Civic, religious groups using social media to canvass voters’ registration | #socialmedia

In a bid to address voter’s apathy as Nigerians look forward to the 2023 general elections, several groups, including civic and faith-based ones, have begun mobilising eligible voters to participate in the ongoing Continuous Voters Registration (CVR) exercise.

The Independent National Electoral Commission (INEC) resumed the CVR nationwide on June 28, three years after the last exercise.

The exercise, which targets additional 20 million voters, affords Nigerians who clocked 18 years after the last exercise in 2018 and eligible voters who have never been registered, the opportunity to get their data on INEC’s database and consequently obtain a voter’s card.

The exercise will go on continuously over a period of at least one year. And for the first time in the history of Nigeria’s democracy, the electoral umpire launched an online portal for registration, a shift from the past mode where prospective voters queued for the process. 

The portal will enable Nigerians to commence the registration process online by filling forms and other documents, then make an appointment on the web portal for a date and time to visit a state or local government area (LGA) office of INEC to give their fingerprints and complete the registration.


To make mass registration a reality, non-governmental organisations, through several initiatives, have leveraged social media platforms, including the banned microblogging site, Twitter, in targeting the youthful population. 

They also have channels through which prompt responses are provided to applicants facing any hitch during voters’ registration.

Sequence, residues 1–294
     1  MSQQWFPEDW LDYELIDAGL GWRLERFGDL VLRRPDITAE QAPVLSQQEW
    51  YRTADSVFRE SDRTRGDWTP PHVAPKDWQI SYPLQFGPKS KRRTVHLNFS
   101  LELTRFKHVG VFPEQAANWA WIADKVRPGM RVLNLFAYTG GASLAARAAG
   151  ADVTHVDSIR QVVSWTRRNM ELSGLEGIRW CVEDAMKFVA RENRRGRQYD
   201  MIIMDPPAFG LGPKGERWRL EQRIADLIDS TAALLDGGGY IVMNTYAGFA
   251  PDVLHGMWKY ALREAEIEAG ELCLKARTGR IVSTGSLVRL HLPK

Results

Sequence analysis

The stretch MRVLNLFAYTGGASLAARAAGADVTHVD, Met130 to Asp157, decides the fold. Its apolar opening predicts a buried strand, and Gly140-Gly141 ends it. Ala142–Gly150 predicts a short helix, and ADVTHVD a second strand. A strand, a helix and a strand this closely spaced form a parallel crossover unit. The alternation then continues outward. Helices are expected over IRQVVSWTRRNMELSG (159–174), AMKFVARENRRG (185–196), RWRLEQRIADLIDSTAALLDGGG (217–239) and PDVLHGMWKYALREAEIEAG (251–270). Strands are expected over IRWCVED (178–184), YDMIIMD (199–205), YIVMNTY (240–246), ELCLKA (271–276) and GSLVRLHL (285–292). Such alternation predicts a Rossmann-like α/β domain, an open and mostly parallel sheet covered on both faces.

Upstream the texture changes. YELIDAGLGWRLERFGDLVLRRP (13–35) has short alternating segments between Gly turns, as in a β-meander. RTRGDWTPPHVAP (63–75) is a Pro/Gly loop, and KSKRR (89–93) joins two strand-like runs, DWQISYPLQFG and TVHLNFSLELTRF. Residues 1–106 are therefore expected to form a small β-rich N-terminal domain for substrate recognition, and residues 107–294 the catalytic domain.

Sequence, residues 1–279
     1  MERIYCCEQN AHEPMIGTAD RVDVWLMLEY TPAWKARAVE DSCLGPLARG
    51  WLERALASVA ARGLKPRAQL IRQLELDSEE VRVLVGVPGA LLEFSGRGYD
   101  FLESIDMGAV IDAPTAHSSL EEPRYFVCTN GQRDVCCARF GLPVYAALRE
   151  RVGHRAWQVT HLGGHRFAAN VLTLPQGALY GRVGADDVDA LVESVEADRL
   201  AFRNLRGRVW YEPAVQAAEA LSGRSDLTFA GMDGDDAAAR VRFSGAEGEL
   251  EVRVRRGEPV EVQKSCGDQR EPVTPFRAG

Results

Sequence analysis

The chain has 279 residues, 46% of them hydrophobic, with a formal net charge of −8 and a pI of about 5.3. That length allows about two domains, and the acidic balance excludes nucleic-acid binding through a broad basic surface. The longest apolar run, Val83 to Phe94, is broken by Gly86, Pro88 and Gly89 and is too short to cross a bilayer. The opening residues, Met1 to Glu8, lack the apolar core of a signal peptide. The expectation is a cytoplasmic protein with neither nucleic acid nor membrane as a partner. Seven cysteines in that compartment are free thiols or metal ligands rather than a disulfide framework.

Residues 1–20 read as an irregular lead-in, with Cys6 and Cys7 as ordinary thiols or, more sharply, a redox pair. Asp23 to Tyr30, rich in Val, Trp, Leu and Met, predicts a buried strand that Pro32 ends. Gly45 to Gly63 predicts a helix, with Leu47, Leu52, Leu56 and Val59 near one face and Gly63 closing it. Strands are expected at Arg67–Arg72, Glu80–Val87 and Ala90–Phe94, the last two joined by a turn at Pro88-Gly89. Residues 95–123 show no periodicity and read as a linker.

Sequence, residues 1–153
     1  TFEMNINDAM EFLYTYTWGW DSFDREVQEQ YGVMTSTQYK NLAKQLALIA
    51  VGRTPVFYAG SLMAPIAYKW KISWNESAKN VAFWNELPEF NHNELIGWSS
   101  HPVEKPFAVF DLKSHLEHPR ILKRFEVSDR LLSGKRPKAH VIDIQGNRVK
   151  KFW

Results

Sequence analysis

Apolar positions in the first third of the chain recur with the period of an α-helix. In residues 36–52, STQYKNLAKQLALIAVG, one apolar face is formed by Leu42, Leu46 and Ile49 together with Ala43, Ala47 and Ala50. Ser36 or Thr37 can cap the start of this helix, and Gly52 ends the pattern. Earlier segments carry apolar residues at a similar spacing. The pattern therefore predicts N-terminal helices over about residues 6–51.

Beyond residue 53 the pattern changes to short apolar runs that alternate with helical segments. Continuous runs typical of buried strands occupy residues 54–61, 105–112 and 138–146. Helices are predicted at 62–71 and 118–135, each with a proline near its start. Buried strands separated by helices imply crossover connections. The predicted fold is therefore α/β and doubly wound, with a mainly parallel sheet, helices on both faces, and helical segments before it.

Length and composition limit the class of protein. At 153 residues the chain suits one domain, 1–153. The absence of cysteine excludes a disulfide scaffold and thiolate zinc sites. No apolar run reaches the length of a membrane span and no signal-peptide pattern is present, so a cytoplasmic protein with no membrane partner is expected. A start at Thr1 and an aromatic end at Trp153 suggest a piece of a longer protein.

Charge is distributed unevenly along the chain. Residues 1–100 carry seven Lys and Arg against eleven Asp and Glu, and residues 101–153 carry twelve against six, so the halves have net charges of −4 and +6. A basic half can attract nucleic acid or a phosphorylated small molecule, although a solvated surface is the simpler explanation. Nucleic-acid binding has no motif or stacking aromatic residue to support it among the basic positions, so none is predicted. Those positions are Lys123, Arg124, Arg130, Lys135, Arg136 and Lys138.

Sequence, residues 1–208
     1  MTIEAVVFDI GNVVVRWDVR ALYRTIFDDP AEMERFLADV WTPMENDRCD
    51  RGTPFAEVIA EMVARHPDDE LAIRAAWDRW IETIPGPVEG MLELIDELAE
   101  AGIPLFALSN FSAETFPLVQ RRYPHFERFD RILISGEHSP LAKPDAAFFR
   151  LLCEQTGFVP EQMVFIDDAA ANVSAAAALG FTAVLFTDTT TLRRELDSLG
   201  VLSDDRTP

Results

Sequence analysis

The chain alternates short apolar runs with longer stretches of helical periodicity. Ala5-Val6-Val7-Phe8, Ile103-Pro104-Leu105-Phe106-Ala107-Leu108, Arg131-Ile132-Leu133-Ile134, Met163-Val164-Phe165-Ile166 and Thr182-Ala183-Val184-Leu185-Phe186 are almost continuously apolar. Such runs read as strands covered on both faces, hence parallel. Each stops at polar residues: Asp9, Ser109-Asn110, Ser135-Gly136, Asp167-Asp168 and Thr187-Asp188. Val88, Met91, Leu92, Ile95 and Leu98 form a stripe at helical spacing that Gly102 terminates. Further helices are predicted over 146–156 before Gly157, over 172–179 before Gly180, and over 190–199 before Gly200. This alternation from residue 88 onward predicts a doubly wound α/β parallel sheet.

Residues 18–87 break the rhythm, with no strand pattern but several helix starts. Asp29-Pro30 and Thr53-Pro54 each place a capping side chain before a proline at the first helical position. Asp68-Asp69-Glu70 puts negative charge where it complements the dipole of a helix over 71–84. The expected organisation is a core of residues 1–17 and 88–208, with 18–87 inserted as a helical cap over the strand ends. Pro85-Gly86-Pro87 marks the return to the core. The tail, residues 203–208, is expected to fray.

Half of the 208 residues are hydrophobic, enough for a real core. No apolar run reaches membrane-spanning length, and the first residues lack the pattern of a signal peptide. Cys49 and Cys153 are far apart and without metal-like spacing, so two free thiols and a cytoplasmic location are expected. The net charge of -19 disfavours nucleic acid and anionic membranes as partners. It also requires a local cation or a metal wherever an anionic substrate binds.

Oyeyemi Abass, one of the campaigners, said his ‘I sabi vote’ initiative that runs an informative campaign in the street lingo, pidgin, attempts to change the narrative that the Nigerian youth only rant about government’s policies but are absent when it comes to the real work — voting. 

“We’re trying to change the narrative by driving conversations that would make them vote and also, by breaking down the technicalities involved in the electoral process to the simplest forms.” 

“Pidgin English is the most unifying language In Nigeria, hence, we try to tell stories on the dangers of not registering to vote. We are also ensuring that voters’ education is at the peak of our campaign.”

‘I sabi vote’ also runs a content creation page that enables young Nigerians to make videos of themselves while they answer questions around popular participation,” Mr Abass said. 

Another campaign group is My Voice My Future (MYMF) that makes digital posts to increase voter’s knowledge about civics.

“We know that our targeted audience, the youth, use social media. So we make digital posts online heavily. We don’t post only politics but current trending affairs,” said Ife Sarumi, MYMF’s founder. 

The initiative, with over 50 volunteers, also relies on support from Nigerians in the diaspora who help in funding and sharing contents to reach a wider audience. 

“They (Nigerians in diaspora) fund the campaigns. They have a wider reach online and can circulate the campaigns around the world,” Ms Sarumi told PREMIUM TIMES.